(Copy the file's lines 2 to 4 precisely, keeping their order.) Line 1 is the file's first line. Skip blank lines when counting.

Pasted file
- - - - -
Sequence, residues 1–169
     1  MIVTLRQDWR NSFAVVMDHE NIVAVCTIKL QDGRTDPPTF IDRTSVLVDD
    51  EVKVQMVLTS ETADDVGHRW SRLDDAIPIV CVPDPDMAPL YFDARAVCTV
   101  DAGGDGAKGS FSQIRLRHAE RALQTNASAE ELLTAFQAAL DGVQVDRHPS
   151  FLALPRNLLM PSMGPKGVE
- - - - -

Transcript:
     1  MIVTLRQDWR NSFAVVMDHE NIVAVCTIKL QDGRTDPPTF IDRTSVLVDD
    51  EVKVQMVLTS ETADDVGHRW SRLDDAIPIV CVPDPDMAPL YFDARAVCTV
   101  DAGGDGAKGS FSQIRLRHAE RALQTNASAE ELLTAFQAAL DGVQVDRHPS